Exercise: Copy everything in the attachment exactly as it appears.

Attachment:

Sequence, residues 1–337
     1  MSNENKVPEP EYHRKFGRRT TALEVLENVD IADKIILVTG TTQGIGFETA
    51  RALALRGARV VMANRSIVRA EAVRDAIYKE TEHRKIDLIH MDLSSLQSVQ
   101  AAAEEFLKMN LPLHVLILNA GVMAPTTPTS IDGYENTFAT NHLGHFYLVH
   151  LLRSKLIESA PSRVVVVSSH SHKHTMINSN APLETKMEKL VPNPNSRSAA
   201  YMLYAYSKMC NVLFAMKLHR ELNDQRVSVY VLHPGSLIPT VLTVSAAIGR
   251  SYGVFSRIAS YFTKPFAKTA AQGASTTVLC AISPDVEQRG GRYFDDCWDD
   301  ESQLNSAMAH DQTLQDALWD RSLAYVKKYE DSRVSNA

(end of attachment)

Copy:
Sequence, residues 1–337
     1  MSNENKVPEP EYHRKFGRRT TALEVLENVD IADKIILVTG TTQGIGFETA
    51  RALALRGARV VMANRSIVRA EAVRDAIYKE TEHRKIDLIH MDLSSLQSVQ
   101  AAAEEFLKMN LPLHVLILNA GVMAPTTPTS IDGYENTFAT NHLGHFYLVH
   151  LLRSKLIESA PSRVVVVSSH SHKHTMINSN APLETKMEKL VPNPNSRSAA
   201  YMLYAYSKMC NVLFAMKLHR ELNDQRVSVY VLHPGSLIPT VLTVSAAIGR
   251  SYGVFSRIAS YFTKPFAKTA AQGASTTVLC AISPDVEQRG GRYFDDCWDD
   301  ESQLNSAMAH DQTLQDALWD RSLAYVKKYE DSRVSNA